The Ontario Court of Appeals made a momentous decision last week that has the potential to positively impact the lives of some of the most vulnerable members of Canadian society—sex workers. This decision overruled some of the laws that made activities surrounding prostitution illegal. By doing so, sex workers have been given an increased opportunity to meaningfully participate in the Canadian economy and are expected to have greater protection from assault, sexual assault, and murder.
The decision saw the following changes made:
- Ontario sex workers will now be able to hire drivers and bodyguards and work indoors in organized brothels or “bawdy houses”.
- In non-exploitative circumstances, sex workers are now legally able to live off their earnings.
Despite these victories, it is important to remain critical of the true impact this decision will have on the safety of sex workers. What this decision did not do was overturn the communication law that prohibits sex workers from openly soliciting clients in public. This is a striking blow to the protection of street level sex workers who are often the most vulnerable of all.
What people might not realize is that the majority of sex workers are arrested under the communication law so they will continue to face criminalization. Even still, this means that sex workers are not adequately protected from acts of violence. As a result of the communication law, sex workers are forced to conduct negotiations with clients quickly so that they are not discovered by the police. However, the initial negotiation is vital in allowing sex workers the opportunity to assess a client and the risk of danger. Without adequate time to negotiate, sex workers are also prevented from having important conversations with customers outlining what acts they are willing or unwilling to offer and what they charge before they are alone and isolated. This can include whether a sex worker insists on condom use and if acts such as anal sex for instance are permitted. As such, sex workers are pushed to more secluded and dangerous areas to avoid police crackdowns and are left increasingly susceptible to violence and abuse from predators like Robert Picton.
Perhaps most importantly, what these changes to the law will not do is remove the stigma surrounding sex workers, and recognize sex work as a legitimate profession in the eyes of some citizens. Discrimination is an obstacle all sex workers encounter. For instance, income from prostitution that was previously deemed unlawful presented challenges for sex workers when trying to access housing, medical care, and seek financial assistance through a loan, credit or insurance.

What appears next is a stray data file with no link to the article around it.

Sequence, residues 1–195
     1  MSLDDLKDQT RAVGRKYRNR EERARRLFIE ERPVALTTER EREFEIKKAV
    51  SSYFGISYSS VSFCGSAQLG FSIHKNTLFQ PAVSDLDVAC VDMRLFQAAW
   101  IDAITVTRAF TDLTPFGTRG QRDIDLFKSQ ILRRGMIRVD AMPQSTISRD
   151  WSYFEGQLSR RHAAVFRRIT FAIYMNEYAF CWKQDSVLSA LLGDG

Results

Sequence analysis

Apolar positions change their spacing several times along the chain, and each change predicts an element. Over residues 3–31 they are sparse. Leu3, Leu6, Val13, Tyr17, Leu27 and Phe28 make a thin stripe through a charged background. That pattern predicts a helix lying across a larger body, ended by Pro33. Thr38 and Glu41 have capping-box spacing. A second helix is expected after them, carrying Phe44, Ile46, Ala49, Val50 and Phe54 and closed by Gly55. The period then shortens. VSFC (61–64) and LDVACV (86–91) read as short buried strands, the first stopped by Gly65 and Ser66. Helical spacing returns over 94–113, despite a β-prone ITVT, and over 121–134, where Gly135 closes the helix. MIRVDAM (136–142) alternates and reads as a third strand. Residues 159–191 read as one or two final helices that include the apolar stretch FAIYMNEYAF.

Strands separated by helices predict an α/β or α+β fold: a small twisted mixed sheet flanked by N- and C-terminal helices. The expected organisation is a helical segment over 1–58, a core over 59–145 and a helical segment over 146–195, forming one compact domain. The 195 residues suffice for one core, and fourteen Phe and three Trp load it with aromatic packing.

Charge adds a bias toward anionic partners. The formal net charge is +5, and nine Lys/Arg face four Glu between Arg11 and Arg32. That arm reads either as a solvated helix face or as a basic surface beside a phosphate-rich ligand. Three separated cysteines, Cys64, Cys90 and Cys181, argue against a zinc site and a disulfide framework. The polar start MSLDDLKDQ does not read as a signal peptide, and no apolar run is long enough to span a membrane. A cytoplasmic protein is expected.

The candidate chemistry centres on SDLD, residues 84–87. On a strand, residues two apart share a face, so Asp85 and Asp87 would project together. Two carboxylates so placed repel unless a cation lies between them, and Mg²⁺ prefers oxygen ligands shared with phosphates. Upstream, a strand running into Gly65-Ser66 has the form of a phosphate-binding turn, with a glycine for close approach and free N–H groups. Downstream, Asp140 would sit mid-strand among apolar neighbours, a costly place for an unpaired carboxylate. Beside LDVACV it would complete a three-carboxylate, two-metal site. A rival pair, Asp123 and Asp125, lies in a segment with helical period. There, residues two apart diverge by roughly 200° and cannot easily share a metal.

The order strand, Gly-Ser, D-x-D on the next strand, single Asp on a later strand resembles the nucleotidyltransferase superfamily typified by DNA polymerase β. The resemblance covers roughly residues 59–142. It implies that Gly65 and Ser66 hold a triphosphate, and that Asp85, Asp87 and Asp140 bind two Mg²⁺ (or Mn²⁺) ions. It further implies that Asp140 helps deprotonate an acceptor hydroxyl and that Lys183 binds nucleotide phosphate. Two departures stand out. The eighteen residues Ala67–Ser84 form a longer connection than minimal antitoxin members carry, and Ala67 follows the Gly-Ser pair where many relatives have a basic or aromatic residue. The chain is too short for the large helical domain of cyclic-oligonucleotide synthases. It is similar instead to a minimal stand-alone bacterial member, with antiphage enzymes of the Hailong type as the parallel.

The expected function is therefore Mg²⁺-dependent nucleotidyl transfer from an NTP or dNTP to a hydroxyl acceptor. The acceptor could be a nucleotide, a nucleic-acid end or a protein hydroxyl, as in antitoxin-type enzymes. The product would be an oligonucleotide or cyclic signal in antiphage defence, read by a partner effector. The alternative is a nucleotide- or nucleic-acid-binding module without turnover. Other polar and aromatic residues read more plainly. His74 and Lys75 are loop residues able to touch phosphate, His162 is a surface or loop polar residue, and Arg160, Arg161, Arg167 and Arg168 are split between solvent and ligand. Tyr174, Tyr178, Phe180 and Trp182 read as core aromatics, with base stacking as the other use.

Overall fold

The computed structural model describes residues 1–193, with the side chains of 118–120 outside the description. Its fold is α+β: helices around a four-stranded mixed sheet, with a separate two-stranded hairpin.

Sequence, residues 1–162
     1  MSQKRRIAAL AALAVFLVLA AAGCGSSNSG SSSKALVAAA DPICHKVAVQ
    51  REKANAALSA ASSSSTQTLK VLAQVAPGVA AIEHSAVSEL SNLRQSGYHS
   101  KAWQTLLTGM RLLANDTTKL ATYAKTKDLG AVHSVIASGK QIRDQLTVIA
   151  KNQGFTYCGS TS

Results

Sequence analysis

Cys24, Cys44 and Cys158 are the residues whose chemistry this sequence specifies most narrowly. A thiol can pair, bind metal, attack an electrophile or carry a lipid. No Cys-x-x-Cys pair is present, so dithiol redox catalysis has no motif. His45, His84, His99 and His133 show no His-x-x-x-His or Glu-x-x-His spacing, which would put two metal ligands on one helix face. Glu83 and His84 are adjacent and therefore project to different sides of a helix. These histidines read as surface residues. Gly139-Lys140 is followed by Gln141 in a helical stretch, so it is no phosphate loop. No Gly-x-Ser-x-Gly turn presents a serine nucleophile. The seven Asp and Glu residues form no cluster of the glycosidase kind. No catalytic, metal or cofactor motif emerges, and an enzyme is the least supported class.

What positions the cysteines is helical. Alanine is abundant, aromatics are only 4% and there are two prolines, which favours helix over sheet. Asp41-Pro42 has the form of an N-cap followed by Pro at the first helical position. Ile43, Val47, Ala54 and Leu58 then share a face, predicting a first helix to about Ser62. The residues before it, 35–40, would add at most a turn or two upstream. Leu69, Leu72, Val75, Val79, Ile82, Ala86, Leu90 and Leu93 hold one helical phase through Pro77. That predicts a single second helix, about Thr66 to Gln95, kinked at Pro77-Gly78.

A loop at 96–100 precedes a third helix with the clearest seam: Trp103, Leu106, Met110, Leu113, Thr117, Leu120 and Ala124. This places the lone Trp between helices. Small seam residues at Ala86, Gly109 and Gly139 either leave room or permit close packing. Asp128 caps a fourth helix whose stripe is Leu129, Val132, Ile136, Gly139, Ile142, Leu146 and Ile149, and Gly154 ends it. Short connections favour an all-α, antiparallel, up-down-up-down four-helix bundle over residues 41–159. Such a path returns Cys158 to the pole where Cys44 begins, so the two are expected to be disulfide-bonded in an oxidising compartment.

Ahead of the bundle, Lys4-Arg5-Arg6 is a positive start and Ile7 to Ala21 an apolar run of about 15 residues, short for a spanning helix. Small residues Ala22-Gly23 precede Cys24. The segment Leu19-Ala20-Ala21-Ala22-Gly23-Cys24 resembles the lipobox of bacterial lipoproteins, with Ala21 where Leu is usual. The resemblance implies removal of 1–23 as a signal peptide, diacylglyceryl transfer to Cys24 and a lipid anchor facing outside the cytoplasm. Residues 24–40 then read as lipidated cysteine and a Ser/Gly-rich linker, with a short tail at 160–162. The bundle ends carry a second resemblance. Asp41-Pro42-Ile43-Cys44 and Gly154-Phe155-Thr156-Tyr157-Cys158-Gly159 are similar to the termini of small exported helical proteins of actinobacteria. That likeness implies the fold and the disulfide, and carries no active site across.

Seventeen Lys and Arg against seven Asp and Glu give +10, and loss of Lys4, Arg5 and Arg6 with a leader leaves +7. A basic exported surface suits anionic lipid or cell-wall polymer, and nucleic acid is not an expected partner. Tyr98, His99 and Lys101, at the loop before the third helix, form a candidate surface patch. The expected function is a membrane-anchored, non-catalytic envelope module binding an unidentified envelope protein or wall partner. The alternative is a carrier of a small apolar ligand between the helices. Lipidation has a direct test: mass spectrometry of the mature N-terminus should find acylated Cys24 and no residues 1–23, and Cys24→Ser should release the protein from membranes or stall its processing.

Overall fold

While this decision effectively took a big step forward by recognizing sex workers as human beings, deserving of dignity and protection, there is a long battle ahead to get all citizens nationwide to come to this realization as well.
Personal opinions surrounding the morality of sex work aside, I should hope that a general consensus could be reached proclaiming that all people are worthy of protection from violence and have the right to be treated with dignity and respect. Criminalizing sex work isolates and stigmatizes sex workers and generates the idea that they are somehow undeserving of protection under the law as a result of their employment choices. Social stigma surrounding sex workers must be eliminated. Sex workers can no longer be seen as immoral or less than human. The dignity inherent in all people must prevail, with all people being treated fairly under the law.
This decision, while only binding in Ontario, will undoubtedly spark similar changes across other provinces. If the decision goes to the Supreme Court of Canada, it will be applied countrywide. Thus, it is very important that those with the power to make important decisions act in favour of sex workers and grant them full protection under the law. The hope is that one day sex work will finally fully be regarded as a legitimate profession and that sex workers will receive the respect and protection they require and deserve.